ONe thing I advise other songwriters on when offering them PR advice, is that I think key is going out and playing songs live first and seeing what a room full of strangers reacts to. But if that isn’t for you, at least post a recording of the acoustic raw demo on facebook and rather than looking just at “likes” (some folks do that out of courtesy) see what folks actually share. If several of them share your song (without you pleading for them to, i.e. “unaided sharing” then you got something.

  4. Daniel Booth

    I think what ties most people up in knots is getting bogged down in one idea that may not even be that good. To be a creative person one must be a *creating* person – not all of these created ideas has to be amazing or even good, but just getting lost in the process of generating these ideas is what being creative is all about. Sorting comes later. Eventually you grow and learn what works or doesn’t – Lennon/McCartney wrote some terrible songs before they eventually struck upon some genuinely great ones. It takes time, persistence and lots of listening/analysing of the great works.

  5. Sam

    What a refreshing reminder. It’s so inspiring to realize that our job as songwriters is to simply let the music flow, to simply let the expression of our hearts flow out in song. The gear and technology, etc. are really just tools that we use to capture that expression. Who cares if I have this or that tube compressor (as nice as tube compressors can be :)… ultimately, the point is to make great tunes, through whatever means. That really frees up my mind, in that I’m no longer preoccupied with feelings of discontentment and dissatisfaction with my “sub-standard” gear; I’m focused on crafting the music. Of course it’s important to learn how to use the gear I have, and this site is exceedingly brilliant in teaching principles that I believe work, as far as productive and effective mixing goes, but the whole reason I’m learning how to do any of this in the first place is so that I can produce quality and emotionally impacting tracks. If it ever becomes a competition for gear, we’ve missed the point, I think. Anyways, enough of me rambling. Thanks again Graham for your site and for what you do. You’ve impacted me more than any other source on mixing/producing music.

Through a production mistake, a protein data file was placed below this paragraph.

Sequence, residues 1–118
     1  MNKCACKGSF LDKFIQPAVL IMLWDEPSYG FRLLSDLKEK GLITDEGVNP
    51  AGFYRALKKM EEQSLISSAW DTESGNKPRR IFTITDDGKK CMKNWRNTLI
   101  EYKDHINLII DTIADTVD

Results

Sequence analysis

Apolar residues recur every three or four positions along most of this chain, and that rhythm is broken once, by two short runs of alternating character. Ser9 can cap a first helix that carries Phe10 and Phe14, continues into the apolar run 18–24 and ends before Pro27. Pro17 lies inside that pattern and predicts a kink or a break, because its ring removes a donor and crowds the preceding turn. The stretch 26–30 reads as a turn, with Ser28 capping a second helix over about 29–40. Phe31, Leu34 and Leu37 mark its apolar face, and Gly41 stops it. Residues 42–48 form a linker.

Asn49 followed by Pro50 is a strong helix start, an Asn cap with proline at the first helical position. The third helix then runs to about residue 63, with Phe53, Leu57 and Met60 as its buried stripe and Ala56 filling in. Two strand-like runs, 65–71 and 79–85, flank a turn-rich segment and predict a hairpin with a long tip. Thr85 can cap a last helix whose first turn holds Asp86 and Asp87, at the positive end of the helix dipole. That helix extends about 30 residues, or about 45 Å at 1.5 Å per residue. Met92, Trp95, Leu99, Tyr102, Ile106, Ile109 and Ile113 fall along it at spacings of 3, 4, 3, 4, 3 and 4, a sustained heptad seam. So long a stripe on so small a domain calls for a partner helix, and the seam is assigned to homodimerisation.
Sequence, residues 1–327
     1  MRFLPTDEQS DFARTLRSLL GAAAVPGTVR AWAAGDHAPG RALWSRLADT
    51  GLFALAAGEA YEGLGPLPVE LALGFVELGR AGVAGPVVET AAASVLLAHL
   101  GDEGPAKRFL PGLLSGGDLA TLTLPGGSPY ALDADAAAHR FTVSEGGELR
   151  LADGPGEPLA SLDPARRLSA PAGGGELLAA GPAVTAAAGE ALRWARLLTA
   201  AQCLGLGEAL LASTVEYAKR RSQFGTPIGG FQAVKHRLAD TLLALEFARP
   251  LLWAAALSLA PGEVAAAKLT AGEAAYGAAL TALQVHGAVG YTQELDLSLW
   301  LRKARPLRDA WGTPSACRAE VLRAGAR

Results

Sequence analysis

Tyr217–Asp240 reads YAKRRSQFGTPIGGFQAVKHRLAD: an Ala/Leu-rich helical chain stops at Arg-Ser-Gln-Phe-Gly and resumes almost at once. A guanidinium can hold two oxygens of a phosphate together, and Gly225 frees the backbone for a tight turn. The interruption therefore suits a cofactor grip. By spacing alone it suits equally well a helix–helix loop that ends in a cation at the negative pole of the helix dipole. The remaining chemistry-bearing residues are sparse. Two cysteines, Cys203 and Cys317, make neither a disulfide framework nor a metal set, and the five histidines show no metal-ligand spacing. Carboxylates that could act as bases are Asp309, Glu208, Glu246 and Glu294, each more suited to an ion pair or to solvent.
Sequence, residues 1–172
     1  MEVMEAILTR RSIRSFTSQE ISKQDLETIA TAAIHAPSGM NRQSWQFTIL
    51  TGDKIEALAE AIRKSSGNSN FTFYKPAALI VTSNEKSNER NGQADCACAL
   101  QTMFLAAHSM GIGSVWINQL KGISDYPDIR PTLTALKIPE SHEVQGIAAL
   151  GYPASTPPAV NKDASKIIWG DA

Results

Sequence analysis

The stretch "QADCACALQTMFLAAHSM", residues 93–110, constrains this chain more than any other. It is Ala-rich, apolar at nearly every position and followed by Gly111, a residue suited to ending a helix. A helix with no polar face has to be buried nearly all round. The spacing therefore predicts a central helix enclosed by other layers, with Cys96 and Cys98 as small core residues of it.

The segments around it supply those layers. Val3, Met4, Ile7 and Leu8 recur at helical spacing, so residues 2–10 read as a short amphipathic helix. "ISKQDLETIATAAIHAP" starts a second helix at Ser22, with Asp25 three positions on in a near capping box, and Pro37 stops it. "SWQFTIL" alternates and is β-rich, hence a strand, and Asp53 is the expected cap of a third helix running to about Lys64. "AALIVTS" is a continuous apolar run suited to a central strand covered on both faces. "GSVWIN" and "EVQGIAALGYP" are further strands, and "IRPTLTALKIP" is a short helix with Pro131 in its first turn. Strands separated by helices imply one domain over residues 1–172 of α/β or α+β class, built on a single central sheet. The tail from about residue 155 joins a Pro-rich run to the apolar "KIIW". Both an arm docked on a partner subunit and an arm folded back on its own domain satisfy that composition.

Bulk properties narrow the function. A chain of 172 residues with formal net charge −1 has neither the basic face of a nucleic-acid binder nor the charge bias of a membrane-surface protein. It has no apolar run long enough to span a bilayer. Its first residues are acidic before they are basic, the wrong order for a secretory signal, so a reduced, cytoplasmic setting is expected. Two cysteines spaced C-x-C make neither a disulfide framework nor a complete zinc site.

6. Jeff

    I remember when I first started messing around with DAW recording (not all that terribly long ago), I had a riff but not a good one but recorded it anyway and set about mixing it with some bass and simple drums…sounded TERRIBLE! Why…was still a half baked riff I used to experiment…but I learned.

    I recently recorded a very mellow track (still in the works) and it was a pretty solid idea with a nice mix of instrumentation. I still have some arranging to do but the track sounds pretty solid.

    Why? It’s a better track.

    In a way, I try to keep to the basics and not get too fancy. I’d mention to Graham once that I loved the clear and open vibe of 70’s era rock tracks so I keep it as bare as is needed regarding ‘studio magic’. It’s like the Fitz guy from the linked Jan 28th post, I learn what I need to learn. I’m in it to learn for me. I’m not starting a studio. I want to create and when I feel I need to know something, I seek it out.

    ….still, I read everything here….good to keep it in the banks.

    Great post!

  7. David Wright

    Great and brief article. I have to say I’m learning this the hard way- a lot of time I gorge myself on trying out all kinds of new synths and plugins and techniques without a proper musical idea, or I’ll try to write in a style and only half-do it, so half the musicality is lost to me throwing things together at the last minute in the studio.



  1.  Friday Roundup Feb. 8th 2013 | unveilmusic.com

Leave a Reply

Your email address will not be published. Required fields are marked *

Read previous post:
Why 24 Tracks Is All You Need

One of the things that first drew me to digital recording was the ability to have "unlimited" tracks. Even an...